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    It sounds like you are creating music outside the realm of the Western Classical Tradition, which I did not think after reading your question. My understanding of Eastern based musics is that they use a natural scale, where Western musics have tempered scales. The tempering of scales has largely evolved to allow harmonic progression, especially modulations. A natural tuning system will make some harmonic possibilities out of tune. Most Eastern musics tend to have a mostly static harmony because of this, which has led to more rhythmic complexities than most Eastern musics. Mar 18, 2014 at 19:42
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    Essentially, chord progressions are not a common thing in Eastern music and when they do occur, there are not as many possibilities due to the tuning. You can certainly use notes outside of the raga but if you are playing with a natural tuning, a lot of the notes will be out of tune with each other. This video shows a way around the natural tuning for a fretted instrument which may give some insight: youtube.com/watch?v=MYK_PF9WTRE Mar 18, 2014 at 19:49

I disagree with your first statement, Rana. Music composition is indeed a learned behavior. Some people can grasp the fundamentals of composition easier than others, but a lot if not most people who write music put a lot of work into developing the ability to do so.

With that out of the way, there are indeed a plethora of options for choosing to harmonize a melody. The more that you know about music theory, the easier that picking these chords becomes. A good set of chords tends to compliment the melody while moving seamlessly to other chords.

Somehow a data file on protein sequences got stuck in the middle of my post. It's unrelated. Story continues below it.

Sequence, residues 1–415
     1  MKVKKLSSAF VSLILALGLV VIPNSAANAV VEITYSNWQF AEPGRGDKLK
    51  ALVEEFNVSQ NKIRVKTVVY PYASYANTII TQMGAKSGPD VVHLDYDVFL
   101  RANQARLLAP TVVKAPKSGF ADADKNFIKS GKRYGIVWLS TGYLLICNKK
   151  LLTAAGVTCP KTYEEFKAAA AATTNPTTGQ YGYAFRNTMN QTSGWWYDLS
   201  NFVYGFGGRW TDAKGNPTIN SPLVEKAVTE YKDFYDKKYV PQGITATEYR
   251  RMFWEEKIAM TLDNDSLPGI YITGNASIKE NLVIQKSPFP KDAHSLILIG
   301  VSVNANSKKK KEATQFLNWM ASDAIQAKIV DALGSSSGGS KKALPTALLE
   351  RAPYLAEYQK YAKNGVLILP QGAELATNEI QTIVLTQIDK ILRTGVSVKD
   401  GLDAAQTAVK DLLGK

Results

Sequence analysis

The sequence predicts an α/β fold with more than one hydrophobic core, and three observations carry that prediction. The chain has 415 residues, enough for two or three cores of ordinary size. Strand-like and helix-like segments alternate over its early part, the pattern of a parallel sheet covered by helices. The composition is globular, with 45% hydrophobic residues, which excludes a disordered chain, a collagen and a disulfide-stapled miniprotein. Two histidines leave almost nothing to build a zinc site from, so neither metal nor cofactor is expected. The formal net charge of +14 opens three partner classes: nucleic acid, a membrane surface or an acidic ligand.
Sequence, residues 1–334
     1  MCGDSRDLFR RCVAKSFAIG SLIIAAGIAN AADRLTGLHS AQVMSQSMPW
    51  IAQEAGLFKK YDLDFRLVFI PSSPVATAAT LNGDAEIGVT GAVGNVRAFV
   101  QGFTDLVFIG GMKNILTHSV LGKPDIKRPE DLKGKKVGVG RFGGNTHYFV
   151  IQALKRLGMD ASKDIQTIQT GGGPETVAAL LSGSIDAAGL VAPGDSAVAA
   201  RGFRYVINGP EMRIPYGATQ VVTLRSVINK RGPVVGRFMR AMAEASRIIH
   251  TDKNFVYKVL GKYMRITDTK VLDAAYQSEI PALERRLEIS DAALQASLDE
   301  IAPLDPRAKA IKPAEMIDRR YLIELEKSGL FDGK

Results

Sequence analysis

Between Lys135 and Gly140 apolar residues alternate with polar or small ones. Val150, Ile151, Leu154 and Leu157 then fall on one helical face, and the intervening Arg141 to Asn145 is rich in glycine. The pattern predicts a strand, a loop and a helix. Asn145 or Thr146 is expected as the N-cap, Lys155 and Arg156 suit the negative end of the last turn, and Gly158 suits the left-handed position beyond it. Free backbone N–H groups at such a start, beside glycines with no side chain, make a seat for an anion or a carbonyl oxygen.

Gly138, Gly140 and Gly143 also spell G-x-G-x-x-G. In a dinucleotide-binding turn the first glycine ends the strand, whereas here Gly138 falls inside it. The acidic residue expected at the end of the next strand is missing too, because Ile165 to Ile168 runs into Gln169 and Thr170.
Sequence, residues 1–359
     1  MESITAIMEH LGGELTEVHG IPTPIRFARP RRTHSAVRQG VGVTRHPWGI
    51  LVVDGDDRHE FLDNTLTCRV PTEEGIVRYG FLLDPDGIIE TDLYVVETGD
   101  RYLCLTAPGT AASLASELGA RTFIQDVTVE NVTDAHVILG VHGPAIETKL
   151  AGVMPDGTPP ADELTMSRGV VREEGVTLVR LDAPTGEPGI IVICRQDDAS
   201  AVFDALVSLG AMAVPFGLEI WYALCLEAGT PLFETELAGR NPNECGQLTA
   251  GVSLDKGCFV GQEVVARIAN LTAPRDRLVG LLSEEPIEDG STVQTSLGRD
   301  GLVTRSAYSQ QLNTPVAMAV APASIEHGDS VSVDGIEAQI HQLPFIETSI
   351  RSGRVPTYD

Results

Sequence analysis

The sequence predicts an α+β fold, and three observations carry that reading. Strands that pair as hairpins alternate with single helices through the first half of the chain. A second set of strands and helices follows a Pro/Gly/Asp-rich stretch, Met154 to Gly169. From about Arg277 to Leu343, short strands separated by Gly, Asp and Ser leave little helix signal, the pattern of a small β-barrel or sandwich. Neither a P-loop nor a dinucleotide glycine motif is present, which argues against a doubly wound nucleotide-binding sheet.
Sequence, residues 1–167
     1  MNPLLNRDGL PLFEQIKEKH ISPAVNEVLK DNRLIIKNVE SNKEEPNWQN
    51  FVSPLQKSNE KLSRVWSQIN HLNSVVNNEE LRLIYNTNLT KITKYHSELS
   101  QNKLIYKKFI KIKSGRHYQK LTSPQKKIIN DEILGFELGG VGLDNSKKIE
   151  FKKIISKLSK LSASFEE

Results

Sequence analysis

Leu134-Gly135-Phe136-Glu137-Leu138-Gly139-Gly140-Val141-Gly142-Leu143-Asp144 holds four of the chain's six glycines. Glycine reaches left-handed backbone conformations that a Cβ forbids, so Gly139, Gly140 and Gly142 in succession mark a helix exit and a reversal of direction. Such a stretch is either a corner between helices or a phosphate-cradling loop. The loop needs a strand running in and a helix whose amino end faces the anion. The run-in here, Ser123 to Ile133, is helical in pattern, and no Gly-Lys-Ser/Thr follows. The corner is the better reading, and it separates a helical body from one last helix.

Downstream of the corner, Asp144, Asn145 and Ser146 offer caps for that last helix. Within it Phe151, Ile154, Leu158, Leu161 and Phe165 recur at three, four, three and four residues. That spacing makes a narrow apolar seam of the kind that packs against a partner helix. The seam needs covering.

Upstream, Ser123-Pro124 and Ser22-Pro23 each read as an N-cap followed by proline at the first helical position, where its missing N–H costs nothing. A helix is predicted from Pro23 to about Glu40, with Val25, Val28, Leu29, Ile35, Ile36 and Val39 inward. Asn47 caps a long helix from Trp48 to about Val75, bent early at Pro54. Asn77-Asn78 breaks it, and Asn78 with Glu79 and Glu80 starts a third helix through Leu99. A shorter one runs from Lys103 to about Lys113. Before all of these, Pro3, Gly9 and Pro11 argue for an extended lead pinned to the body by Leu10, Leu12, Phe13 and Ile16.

A good thing for a beginning composer is to identify what key the piece that you're writing is in. After that, find out what are the 'safe' chords to use in that key. For a major key it will be:

I. Major

ii. Minor

iii. Minor

IV. Major

V. Major

vi. Minor

viio. Diminished

For example if you're in the key of Gmajor, it is safe to use Gmajor,Cmajor,Dmajor,Aminor,Bminor,Eminor,F#diminished.

This is a good way to get confident with adding chords and harmonies to your melodies. These are by no means the only chords that you could or should use, but they will be very helpful in the early stages. Learn scales, learn about key signatures, and chords. Really analyze the chords, how you want to harmonize the melody, and how often you want to change chords. If you're writing a piece in 4/4 try switching chords once every measure, or twice per measure and start off experimenting with the chord that is the root to the note that you're playing. If you're playing in Gmajor and your violin plays an A, play an Aminor, if that doesn't please you, then try a Dmajor, since A is the fifth note in that chord.

Composition is a learned behavior, the more that you do it, the better that you get at it. Do not be discouraged if your first dozen pieces are not good. Composing can be learned!

  • It might be helpful to point out that any diatonic melody can be harmonized by Just the I IV V chords alone as they contain all possible notes as chord tones.
    – Fergus
    Mar 18, 2014 at 18:28
  • Lol, I just posted my answer that is based on that concept! Mar 18, 2014 at 18:34